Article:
(The painting above is by Minerva Teichert and is one of my all-time favorite images of the Savior. I hope to have it in my home someday. Did you know that Minerva Teichert spent the majority of her life raising a family and painting in little ol' Cokeville, Wyoming? It's true! Read about it here. Cokeville is full of Teicherts, many with large prints of their grandmother's work displayed in their home. My friend Vonda and her husband Ron live in the house with the large front room wall spoken of in the article. They have a huge print of Lehi and his family departing into the wilderness hanging in the living room. Vonda told me that the original canvas stretched from floor to ceiling!)

Tuesday, March 17, 2009

Stop behaving like a teenager

It's been awhile since I've had a good ol' fashioned rant, but I've been stewing over something for quite awhile and it's time I say something about it.

I am so tired of watching people who are responsible for the safety, security and happiness of children (i.e. PARENTS) behaving like selfish adolescents. It's unfortunate that anyone can become a parent, that someone with the maturity level of a 15-year-old can be the person that a child depends on for everything in their life.

When you become a parent, regardless of what your life was like before, it's time to buck up, put your wants on the back burner and do everything in your power to make sure your child not only feels loved, but that they feel safe and secure. This means giving them a home where mom and dad are committed to each other, where parents have the maturity not to be governed by what feels good, but by what is right.

Feelings are so freakin' overrated. So many people think that just because they don't "feel" happy or satisfied, that gives them the right to do whatever gives them pleasure at any given moment. If you are unhappy or unfulfilled, look in the mirror and decide what you can do to improve your life. It's not anyone else's fault, you're not justified in behaving inappropriately or frivolously just because another person didn't meet your needs or expectations. Do you think God is going to accept your disappointment with life as a valid excuse for committing sin or behaving irresponsibly?

If you are a parent, you just simply don't get to pursue relationships or a life that will potentially threaten the security of your child. If you've been reading my blog from the beginning, you may remember this post about marriage. I spoke about a friend who was getting a divorce because she was dissatisfied with her husband. He did not cheat on her, he didn't have any addictions, he was not abusive to her, and he worked his butt off so she could stay home with their 3 kids, who he was a great father to. But that just wasn't enough for her. She felt unfulfilled, so she became bitter and ugly towards her husband and began to pursue other relationships to try and make herself happy. Well, now her children come from a broken home, they have to live with their mom's boyfriend, while their dad is several hours away and they only get to see him once or twice a month. This does not make a child feel safe. They are not better off in this scenario (unless the other parent had addictions or was abusive).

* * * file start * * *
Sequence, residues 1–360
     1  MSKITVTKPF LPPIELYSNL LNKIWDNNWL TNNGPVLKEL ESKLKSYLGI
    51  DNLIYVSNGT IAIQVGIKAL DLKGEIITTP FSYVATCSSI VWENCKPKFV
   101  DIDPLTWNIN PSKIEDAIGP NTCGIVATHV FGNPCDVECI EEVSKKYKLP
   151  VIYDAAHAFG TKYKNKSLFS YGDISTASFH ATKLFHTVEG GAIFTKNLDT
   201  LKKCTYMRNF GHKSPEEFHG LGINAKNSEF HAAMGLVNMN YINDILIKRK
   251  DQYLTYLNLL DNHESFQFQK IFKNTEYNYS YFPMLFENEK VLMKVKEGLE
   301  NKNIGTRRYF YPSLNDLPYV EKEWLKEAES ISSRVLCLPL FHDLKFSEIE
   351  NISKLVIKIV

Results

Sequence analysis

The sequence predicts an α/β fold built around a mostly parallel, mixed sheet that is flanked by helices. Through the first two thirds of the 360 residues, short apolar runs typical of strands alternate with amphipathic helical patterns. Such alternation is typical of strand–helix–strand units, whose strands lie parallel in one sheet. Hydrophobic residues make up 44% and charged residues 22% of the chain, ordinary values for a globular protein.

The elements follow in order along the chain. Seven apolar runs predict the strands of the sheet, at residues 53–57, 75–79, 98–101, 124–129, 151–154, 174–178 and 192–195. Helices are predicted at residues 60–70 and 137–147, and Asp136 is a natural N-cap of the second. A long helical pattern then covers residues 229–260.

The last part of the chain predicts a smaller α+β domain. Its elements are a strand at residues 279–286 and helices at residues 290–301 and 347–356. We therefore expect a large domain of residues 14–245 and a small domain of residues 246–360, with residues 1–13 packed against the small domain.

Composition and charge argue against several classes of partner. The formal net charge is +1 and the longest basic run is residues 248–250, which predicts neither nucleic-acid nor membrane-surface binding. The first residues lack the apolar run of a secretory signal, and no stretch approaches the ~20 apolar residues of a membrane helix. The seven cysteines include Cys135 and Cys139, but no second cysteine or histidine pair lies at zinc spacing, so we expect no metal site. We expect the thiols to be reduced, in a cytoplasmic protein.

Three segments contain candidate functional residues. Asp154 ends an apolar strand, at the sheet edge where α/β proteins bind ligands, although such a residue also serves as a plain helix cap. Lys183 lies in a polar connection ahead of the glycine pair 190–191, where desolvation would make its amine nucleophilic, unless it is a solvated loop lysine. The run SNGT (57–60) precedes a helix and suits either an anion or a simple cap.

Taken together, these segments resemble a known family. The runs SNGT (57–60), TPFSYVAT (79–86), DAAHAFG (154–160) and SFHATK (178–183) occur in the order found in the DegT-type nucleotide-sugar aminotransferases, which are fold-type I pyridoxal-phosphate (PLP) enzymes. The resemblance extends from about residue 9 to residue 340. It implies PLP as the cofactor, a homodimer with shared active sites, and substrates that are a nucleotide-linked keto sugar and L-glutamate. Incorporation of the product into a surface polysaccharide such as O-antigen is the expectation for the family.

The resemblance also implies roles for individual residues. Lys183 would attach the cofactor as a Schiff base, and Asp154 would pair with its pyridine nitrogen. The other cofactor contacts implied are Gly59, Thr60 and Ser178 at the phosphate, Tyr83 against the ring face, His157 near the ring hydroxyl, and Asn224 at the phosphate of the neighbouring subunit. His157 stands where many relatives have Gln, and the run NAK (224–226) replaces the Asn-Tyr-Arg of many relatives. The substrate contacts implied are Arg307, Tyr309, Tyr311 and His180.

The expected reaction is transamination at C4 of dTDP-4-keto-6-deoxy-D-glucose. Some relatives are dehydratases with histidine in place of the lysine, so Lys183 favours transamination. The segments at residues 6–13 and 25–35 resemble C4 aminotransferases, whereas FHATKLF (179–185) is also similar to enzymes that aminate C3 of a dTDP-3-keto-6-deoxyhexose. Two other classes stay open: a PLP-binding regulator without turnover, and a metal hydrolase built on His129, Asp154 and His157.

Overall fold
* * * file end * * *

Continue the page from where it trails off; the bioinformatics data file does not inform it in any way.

I'm sorry, but if you're an adult with no children and you want to be a dumb ass, go right ahead. You can act simply on the basis of how things make you "feel". But if you have kids, you just cannot make choices based on your wants over your children's needs. Your number one priority in life is to protect and love your children. Kids should not have to worry about whether mommy and daddy love each other. Kids should not have to worry about whether mommy and daddy are going to get a divorce. Kids should not have to worry about behaving perfectly so they don't piss off mommy's boyfriend. Kids should not have to worry about dividing loyalties between mommy and daddy. Kids should not have to be embarrassed about how their parents behave (and I don't mean that they think being dropped off at school in the junky minivan is uncool). Kids should just be able to be kids, carefree and enthusiastic about life. And this doesn't just apply to children who are old enough to recognize what is going on. Kids are very intuitive, they sense emotions and are aware of tensions. They aren't stupid. They may not understand what's going on, but they sense anger, bitterness, sadness, and it makes them nervous. It's not OK to make your children feel nervous and insecure.